Tips on opening a restaurant

  • On April 28, 2015

Originally Published: September 18th, 2013

Maggie Kelly of Minnesota Business Blog

 

Bar manager Mike Rasmussen has been present for the opening of eight or nine restaurants in his career. In that time, he’s seen what works and what doesn’t. Most recently he was involved with the June launch of Marin Restaurant & Bar in Minneapolis, focused on Northern California cuisine with farm-to-table ingredients. The venue is owned by Craig Bentdahl, known for his successful Mill Valley Kitchen in St. Louis Park. With Bentdahl’s experience, says Rasmussen, the opening of Marin was noticeably smoother than with other launches he’s witnessed. “[It] actually opened up one day earlier,” he says, “and it’s twice as big as any restaurant I’ve opened.” Below, Rasmussen shares three lessons for aspiring restaurateurs.
1. Surround yourself with good people: Bentdahl “finds people he has confidence in, and then he stays confident in them,” Rasmussen explains. He doesn’t just pick and choose on a whim – he works closely with each manager to build trust and confidence. At Marin, Bentdahl has created an effective team, with general manager Kelly Lange in charge of the floor, chef Mike Rakun (“a master of his trade,” says Rasmussen) directing the kitchen, and Rasmussen manning the three bars. “We all take what we do really seriously, but we all manage to maintain a certain light-heartedness, which is key in this business to me. We wine and dine people.”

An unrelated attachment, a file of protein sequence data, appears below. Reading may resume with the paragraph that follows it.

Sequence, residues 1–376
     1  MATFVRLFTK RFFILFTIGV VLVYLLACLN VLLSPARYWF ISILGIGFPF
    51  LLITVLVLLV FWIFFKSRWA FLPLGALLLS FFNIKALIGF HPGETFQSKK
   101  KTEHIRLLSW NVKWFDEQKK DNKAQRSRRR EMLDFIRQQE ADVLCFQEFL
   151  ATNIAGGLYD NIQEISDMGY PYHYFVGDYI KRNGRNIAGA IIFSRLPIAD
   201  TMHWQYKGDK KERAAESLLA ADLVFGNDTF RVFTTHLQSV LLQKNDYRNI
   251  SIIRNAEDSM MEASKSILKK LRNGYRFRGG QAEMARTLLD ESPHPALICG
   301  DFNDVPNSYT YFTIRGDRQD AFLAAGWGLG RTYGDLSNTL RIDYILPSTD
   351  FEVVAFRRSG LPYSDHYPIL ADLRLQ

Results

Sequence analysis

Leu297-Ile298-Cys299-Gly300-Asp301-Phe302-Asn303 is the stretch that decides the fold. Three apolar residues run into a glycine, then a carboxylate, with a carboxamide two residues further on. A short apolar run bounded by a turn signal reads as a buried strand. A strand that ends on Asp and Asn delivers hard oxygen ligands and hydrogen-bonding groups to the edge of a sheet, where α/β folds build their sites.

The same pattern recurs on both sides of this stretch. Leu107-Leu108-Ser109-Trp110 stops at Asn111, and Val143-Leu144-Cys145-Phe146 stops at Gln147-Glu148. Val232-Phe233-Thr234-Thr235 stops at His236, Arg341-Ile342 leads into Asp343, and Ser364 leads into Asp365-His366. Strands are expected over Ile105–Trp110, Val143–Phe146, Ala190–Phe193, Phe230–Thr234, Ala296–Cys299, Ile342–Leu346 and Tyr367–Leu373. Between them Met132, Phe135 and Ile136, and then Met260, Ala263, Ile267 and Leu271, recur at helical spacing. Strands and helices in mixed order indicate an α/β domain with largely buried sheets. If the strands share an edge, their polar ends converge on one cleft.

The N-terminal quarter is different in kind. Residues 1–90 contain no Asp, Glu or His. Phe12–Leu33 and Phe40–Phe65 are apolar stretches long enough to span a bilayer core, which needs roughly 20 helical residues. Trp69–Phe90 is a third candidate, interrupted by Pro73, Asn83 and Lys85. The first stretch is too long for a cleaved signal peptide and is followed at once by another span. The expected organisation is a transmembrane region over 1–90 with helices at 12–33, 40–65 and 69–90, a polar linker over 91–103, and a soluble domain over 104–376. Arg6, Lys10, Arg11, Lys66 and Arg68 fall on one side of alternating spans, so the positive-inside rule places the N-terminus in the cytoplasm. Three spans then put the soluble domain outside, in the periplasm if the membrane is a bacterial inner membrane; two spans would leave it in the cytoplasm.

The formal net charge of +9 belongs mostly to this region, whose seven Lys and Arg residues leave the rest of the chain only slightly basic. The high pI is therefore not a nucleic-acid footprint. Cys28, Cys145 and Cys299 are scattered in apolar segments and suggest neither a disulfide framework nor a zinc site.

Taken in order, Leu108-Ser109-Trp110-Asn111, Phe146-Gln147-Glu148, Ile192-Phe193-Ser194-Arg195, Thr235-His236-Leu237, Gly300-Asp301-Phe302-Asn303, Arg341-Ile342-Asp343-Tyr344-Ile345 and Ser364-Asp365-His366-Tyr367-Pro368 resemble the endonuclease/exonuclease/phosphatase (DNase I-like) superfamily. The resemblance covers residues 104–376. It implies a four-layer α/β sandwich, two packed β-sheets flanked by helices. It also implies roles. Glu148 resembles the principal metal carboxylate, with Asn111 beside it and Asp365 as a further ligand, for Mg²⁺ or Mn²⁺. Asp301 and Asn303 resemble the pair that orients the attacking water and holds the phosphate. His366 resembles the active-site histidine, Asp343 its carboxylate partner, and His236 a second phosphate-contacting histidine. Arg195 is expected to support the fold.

2. Make it manageable: Rasmussen was given free rein on the bar designs. Having worked at many different venues, the creative process was fairly simple. He imagined what he would want if he were sitting on the other side of Marin’s three bars, each with “three very different atmospheres” (patio, restaurant, and library). “Then after that I had to figure out how to make it manageable for the bartenders, because I kind of had some lofty ideas,” he says. “But I think I did OK.”
3. Create a diversity of experiences: It’s important to offer customers more than one atmosphere, Rasmussen believes. At Marin, each of the three bars he manages provides a different experience. A fun after-work cocktail might be found on the patio. A business confab could be held in one of the three meeting rooms of the downstairs “library,” which features soft arm chairs and book-lined walls (the bartenders are called librarians). In this way, Marin reaches out to a wider audience.